An estoppel should also affirm that the lender will not make any future advances (such as a home equity loan) to the seller under the existing loan. This could increase the amount owed by the seller and potentially prevent the buyer from claiming free and clear title once the buyer has fulfilled their obligations to the seller. The buyer should also know what relationship they will need to have with the seller’s lender, including a possible right to protect their interest should the seller default on the existing loan.

As an added layer of protection, a buyer may consider having monthly payments (or the portion that will cover the seller’s existing mortgage payments) paid directly to the existing lender. The same care should be taken with regard to real estate and special assessment taxes to ensure these are paid on time. For these reasons, many buyers choose to make all payments through a reputable escrow agent, attorney or real estate broker with express instructions to pay monthly payments on the underlying loan, taxes, assessments and other charges before paying any excess to the seller. Such an arrangement, also known as an escrow agreement, often includes a deed from the seller so that when the buyer has made all required payments, the deed is recorded and a title policy is issued.

Regarding the property itself, buyers should exercise diligence in ascertaining the property’s boundaries, condition and value, just as they would if they were paying cash or obtaining traditional financing. Surveys, inspections and appraisals should not be viewed as “extras” in land contracts; rather, they should be considered essential to properly evaluating the terms of the land contract and protecting the buyer’s interest in the transaction.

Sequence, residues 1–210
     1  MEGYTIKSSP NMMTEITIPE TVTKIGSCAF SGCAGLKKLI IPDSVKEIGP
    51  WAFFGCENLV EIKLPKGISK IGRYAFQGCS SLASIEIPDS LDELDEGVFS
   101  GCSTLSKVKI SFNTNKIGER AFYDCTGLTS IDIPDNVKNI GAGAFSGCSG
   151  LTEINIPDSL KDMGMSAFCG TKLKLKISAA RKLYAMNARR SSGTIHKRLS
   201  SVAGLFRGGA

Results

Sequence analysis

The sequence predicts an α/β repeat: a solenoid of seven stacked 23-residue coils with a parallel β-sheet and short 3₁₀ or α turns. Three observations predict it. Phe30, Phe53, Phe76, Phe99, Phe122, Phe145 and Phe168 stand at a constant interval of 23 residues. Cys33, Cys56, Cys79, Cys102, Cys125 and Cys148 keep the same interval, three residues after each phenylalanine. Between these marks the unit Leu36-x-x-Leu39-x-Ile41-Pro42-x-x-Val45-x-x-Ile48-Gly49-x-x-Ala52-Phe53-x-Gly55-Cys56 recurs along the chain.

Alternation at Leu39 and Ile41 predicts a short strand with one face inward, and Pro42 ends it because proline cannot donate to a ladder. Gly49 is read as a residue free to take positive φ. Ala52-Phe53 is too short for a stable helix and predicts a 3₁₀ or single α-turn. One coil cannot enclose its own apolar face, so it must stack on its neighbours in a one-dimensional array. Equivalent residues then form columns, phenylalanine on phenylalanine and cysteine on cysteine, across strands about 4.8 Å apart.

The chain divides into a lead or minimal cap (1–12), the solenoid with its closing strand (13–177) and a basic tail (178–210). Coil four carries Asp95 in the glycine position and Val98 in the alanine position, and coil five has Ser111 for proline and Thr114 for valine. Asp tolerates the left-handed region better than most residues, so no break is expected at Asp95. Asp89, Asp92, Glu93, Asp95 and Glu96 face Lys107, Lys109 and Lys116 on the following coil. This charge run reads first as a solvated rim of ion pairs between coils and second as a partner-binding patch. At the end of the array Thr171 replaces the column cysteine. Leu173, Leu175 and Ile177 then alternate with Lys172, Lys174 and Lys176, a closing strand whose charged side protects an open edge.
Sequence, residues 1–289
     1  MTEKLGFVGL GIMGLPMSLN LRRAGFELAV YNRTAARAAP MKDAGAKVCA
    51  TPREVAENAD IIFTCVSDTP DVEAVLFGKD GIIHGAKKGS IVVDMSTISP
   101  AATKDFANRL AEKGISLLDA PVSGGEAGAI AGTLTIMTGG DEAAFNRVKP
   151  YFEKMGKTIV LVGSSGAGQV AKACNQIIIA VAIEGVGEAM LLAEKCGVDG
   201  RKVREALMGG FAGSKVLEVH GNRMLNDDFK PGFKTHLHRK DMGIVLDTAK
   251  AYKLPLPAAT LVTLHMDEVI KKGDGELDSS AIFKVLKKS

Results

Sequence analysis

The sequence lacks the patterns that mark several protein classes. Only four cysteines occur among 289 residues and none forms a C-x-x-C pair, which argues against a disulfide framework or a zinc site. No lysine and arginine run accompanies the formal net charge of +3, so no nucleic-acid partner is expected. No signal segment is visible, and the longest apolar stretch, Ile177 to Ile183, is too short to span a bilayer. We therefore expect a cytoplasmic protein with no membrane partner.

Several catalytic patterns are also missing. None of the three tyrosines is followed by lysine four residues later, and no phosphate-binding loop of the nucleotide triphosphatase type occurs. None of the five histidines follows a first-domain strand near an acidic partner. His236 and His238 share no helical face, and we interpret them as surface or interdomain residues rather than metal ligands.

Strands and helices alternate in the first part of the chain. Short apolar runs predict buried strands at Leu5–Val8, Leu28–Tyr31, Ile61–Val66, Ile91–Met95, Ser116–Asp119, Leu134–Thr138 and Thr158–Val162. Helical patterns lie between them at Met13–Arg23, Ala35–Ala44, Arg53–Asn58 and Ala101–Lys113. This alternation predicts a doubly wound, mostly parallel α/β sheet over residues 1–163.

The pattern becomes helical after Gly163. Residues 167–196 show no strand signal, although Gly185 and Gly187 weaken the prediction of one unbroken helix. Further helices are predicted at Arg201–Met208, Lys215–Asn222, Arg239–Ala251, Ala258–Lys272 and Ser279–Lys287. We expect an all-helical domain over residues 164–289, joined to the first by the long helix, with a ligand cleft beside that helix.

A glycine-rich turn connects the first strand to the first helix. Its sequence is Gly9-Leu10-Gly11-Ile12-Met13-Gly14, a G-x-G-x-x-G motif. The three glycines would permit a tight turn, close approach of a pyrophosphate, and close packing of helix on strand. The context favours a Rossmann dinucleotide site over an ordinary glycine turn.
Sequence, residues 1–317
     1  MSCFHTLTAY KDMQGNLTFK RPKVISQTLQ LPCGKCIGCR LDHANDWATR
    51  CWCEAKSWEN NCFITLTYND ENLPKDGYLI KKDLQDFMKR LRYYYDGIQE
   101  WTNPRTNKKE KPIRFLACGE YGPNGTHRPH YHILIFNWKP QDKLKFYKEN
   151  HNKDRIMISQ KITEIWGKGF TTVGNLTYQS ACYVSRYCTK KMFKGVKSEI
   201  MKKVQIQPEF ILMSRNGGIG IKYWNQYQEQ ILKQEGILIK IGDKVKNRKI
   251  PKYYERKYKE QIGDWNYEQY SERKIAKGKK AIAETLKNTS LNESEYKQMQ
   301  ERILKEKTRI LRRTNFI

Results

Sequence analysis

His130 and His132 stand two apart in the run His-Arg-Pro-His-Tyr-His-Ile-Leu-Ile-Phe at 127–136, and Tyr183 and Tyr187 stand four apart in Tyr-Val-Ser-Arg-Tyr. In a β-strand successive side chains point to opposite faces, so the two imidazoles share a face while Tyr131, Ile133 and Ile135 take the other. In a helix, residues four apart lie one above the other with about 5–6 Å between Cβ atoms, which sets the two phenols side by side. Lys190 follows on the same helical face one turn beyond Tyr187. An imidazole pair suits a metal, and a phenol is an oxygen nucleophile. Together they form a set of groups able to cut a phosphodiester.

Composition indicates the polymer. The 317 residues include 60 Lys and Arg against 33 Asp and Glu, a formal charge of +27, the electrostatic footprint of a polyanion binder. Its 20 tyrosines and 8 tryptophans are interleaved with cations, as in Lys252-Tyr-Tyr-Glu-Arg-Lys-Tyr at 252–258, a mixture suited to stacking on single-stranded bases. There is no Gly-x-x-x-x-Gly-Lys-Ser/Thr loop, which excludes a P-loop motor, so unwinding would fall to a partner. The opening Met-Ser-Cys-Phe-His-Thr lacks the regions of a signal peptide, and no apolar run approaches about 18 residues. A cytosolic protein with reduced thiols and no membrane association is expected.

Once a land contract is entered into, the buyer should record the land contract or a “memorandum” thereof to put the world on notice of the buyer’s interest in the property. Recording a memorandum of the land contract prevents any future mortgages the seller may take out on the property from having priority over the buyer’s interest and helps to ensure the buyer will receive free and clear title upon fulfillment of the financing terms.

As mentioned at the beginning of this article, land contracts can be viable avenues to homeownership. What’s more, sometimes a land contract is a buyer’s only viable avenue to homeownership. Nevertheless, the Real Estate Commission strongly encourages buyers, sellers and real estate licensees to involve a qualified real estate attorney to assist in these matters. Stay tuned for the Commission’s next installment in this series, where we examine land contracts from a seller’s viewpoint.

This article was originally published in the Arkansas REALTORS® Association's House to House column in the Arkansas Democrat-Gazette.